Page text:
Frequently when I’m reading/hearing about white privilege and minority cultures, I struggle to understand. One reason I think this is true is because I don’t relate to a lot of this dominant white culture that I’m supposed to be benefiting from. On the other hand, I don’t feel the need to be ashamed of liking hamburgers and pizza, folk music and blue jeans – if those are included in my white privilege.

 

I like to think about the strengths and weaknesses of various aspects of our personal cultures: hospitality, hard work, musical rhythm, pace of life, family values, adventure, foods, medicines, styles, baby-wearing, theology, inventiveness, compassion, education, skills related to geography (surfing, snowboarding, fishing, farming, jay-walking, driving, catching a bus, biking, climbing trees). I like to think about the influences of family histories, like grandparents going through the Great Depression or immigrating from another country. I like to think about those other countries that shaped our specific families, and how we let go of some inheritances, held on tightly to some, forgot and found things again, picked up practices along the way. I think there is similar value to considering birth orders, the financial status of a family you were raised in, how large or small your family was. Did you travel? Did you move a lot? Who were the friends that shaped your grandparents, parents, and your own childhood? The diversity of these stories is fascinating.

 

On the other hand, I reject sexual promiscuity and unfaithfulness in any cultural context. I reject rudeness, but I think most of the rules about politeness (in many cultures) are silly reasons for offense unless they happen to be rooted in actual selfish inconsideration. I believe in Jesus and that His sacrifice is the only means of salvation. I reject demonic spiritism that is at the dark heart of pagan religions. I take a stand against rebelliousness in the hearts of people no matter our color or background. I judge lying and stealing; they have no validity in any culture, since they are opposed to the righteousness of God and the love of one’s neighbor.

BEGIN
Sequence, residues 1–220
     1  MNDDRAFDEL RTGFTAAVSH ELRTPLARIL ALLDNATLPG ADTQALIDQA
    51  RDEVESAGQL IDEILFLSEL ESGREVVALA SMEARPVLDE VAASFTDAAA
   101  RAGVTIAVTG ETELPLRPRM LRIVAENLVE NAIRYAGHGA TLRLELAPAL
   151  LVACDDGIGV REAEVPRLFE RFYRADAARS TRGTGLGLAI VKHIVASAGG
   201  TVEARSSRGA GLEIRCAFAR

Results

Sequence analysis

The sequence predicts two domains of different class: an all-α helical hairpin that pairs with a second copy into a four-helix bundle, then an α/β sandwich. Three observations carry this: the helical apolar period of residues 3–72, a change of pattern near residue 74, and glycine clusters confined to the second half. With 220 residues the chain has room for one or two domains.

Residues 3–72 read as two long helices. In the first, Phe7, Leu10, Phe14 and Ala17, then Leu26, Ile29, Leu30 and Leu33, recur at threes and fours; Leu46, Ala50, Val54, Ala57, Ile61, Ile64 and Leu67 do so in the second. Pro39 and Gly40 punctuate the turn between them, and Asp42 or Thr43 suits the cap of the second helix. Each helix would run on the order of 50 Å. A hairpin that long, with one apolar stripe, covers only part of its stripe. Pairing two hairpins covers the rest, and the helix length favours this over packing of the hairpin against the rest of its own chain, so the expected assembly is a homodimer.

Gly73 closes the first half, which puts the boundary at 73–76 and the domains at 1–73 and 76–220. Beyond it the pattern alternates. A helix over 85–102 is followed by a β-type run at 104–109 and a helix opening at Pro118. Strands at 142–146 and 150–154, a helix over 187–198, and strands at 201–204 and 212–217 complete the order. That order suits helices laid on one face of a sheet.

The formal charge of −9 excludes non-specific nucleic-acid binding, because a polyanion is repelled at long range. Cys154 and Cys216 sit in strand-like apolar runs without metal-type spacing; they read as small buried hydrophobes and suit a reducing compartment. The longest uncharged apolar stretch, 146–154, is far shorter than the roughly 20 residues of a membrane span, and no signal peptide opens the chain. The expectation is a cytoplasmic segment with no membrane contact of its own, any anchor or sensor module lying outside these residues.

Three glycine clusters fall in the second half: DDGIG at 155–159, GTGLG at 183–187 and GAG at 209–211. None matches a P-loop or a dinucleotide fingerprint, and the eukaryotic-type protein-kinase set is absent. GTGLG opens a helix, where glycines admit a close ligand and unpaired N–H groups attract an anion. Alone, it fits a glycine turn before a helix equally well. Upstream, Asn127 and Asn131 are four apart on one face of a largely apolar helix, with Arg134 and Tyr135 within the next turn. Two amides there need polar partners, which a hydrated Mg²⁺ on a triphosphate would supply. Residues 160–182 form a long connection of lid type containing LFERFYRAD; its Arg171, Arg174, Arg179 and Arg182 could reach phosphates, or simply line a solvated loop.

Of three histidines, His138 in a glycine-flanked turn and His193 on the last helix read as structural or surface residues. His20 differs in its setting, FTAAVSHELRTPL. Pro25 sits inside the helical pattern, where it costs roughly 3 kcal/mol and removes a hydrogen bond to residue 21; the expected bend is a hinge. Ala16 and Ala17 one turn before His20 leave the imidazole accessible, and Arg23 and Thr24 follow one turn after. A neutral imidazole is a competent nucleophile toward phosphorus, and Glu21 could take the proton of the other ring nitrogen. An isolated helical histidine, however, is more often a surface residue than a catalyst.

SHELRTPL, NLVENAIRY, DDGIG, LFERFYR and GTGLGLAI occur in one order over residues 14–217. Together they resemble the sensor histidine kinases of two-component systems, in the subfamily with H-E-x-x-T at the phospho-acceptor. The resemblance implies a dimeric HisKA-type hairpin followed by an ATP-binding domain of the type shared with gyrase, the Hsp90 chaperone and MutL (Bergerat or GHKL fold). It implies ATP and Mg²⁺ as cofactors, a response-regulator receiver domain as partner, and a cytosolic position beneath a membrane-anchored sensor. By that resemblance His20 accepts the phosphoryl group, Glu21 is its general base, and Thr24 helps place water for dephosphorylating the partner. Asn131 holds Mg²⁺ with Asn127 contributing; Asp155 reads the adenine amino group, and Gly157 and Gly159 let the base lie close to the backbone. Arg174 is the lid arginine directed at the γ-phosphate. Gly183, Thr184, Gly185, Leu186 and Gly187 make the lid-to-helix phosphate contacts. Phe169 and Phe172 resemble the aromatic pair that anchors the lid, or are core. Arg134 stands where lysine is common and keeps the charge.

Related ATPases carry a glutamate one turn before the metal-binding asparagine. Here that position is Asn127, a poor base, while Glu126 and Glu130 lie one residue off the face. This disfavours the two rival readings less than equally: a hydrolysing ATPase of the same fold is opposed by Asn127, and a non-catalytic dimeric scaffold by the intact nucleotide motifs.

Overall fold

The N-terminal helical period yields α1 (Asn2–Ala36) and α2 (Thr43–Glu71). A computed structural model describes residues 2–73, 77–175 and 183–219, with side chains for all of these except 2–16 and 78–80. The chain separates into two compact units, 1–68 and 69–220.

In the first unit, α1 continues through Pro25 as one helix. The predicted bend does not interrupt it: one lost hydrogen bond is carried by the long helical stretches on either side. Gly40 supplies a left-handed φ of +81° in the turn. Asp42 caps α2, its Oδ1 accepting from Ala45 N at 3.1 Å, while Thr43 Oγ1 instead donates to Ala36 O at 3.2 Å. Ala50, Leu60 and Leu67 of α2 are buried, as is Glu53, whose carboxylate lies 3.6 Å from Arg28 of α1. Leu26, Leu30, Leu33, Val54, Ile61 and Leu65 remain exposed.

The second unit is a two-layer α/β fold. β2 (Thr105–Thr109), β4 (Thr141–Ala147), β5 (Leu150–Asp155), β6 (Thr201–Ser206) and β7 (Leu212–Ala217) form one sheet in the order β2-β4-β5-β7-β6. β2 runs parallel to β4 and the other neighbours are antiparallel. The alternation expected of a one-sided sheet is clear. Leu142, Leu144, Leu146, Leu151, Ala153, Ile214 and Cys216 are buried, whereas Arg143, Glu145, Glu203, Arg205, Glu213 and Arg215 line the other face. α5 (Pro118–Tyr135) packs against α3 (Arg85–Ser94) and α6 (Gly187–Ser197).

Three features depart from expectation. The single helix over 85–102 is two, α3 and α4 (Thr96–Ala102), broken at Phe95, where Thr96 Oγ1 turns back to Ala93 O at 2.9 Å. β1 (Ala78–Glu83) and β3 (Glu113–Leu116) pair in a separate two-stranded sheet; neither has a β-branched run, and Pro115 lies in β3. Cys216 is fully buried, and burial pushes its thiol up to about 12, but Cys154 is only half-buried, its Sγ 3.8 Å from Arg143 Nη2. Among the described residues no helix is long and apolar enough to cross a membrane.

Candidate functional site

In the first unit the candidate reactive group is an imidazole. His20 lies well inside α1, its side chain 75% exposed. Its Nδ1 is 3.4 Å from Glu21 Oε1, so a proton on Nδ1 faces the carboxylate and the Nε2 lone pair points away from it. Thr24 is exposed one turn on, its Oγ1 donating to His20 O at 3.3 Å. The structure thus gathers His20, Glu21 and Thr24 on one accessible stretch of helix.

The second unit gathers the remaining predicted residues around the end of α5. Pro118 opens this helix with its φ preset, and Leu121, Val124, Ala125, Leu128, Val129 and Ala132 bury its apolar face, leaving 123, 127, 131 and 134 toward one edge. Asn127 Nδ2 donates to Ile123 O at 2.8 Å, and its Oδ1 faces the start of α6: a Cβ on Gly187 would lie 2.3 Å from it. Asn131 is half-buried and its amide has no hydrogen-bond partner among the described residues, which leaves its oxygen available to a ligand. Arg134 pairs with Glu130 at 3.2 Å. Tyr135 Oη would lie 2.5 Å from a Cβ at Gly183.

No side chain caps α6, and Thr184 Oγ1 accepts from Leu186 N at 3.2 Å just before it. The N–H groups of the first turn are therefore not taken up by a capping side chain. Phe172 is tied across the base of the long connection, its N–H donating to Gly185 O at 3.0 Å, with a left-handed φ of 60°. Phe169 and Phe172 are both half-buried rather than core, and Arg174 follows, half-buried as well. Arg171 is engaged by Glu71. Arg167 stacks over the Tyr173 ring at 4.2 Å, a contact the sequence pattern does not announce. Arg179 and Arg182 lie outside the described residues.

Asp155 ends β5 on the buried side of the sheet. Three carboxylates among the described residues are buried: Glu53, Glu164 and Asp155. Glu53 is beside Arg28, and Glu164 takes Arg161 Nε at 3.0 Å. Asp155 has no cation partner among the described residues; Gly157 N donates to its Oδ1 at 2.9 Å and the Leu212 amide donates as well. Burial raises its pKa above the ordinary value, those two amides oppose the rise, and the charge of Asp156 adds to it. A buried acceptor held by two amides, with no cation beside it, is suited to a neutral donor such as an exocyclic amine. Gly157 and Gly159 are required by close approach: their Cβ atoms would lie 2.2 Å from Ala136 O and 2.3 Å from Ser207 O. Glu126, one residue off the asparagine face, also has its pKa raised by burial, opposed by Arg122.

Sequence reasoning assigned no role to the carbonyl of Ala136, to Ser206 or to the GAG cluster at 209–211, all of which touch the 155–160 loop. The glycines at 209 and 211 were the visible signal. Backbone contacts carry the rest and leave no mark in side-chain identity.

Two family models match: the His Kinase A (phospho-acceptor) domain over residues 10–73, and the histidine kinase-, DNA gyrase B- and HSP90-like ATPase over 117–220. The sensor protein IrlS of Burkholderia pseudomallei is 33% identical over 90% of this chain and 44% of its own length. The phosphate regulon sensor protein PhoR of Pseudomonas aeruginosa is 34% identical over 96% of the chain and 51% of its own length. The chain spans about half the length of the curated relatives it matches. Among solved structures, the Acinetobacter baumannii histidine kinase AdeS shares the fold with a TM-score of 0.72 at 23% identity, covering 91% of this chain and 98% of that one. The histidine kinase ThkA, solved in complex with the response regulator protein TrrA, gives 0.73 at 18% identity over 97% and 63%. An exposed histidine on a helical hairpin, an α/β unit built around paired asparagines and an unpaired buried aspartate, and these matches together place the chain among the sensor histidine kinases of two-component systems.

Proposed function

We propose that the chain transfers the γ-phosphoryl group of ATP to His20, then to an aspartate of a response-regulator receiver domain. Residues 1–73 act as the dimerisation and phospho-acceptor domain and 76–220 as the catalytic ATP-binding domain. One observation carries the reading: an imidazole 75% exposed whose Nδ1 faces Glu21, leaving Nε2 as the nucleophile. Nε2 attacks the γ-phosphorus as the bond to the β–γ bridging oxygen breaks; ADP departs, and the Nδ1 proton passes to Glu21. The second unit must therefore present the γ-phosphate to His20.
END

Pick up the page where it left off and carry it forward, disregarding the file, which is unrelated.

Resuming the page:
I love the redemption stories, of individuals and of larger groups turning away from evil: becoming undeceived; turning away from division and hate and greedy war; learning to love and serve and create and eat and drink to the glory of God. I love that so many stories are in-progress, people still learning and repenting and growing.

 

To God be all glory,

Lisa of Longbourn

 

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For a few years, I was an Awana game director.  I wrote the following to teach leaders what to do during Game Time at our beginning-of-the-year training meeting.  We even acted out some of the things!  

Cubbies:

Cubbie leaders, you are needed in the gym or play area with the kids.  As they enter the play area, they will all start with jumping jacks, until all the clubbers are present.  Then we’ll pick a (small) number and count that many more jumping jacks.  We then sing the Cubbie song, with motions, and when that’s over, everyone does high-fives to the game leader.  Then the leader will give instructions about the game.  This weekly routine makes the kids feel safe, and provides a buffer in case some kids are slower arriving.  During game time, there should be no escaping children, from either the group or the gym or play area.  Make sure the kids are not hitting each other or doing their own thing too much.  Cubbies will cry from time to time.  Don’t worry.  Just distract them with something (or take care of them if they’re hurt).  Rules for the games will be simple.  The big thing is that you help keep everyone together and involved.  The Game Leader can’t do everything.

 

Sparks and T&T:

I’d like to introduce you to several characters from my childhood Game Times.  The first is Mr. H, the game leader/director.  He has a mind for relays, and efficiency is his middle name.  As soon as kids arrive at Game Time, he has them lined up tallest to shortest, and is patting their heads, sending them red, blue, green, yellow.  He announces a game, gives a short time for teams to get set up, quickly summarizes rules.  After each heat, he loudly announces winners, POINTS – including points for cheering during events or silence during instructions.  Points are in the hundreds, because points are free, and a leader writes them up on a big white board everyone can see.  He lets the line leaders know if there are any disqualifications, so they can teach their team the rules.